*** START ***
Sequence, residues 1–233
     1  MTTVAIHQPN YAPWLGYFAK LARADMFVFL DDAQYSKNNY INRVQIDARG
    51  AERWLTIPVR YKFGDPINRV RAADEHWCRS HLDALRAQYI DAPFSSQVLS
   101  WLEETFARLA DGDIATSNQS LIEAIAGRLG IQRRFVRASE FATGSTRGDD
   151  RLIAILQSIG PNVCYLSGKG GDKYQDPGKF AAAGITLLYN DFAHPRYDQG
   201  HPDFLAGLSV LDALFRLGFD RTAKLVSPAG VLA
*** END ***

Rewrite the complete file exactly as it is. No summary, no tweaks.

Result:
Sequence, residues 1–233
     1  MTTVAIHQPN YAPWLGYFAK LARADMFVFL DDAQYSKNNY INRVQIDARG
    51  AERWLTIPVR YKFGDPINRV RAADEHWCRS HLDALRAQYI DAPFSSQVLS
   101  WLEETFARLA DGDIATSNQS LIEAIAGRLG IQRRFVRASE FATGSTRGDD
   151  RLIAILQSIG PNVCYLSGKG GDKYQDPGKF AAAGITLLYN DFAHPRYDQG
   201  HPDFLAGLSV LDALFRLGFD RTAKLVSPAG VLA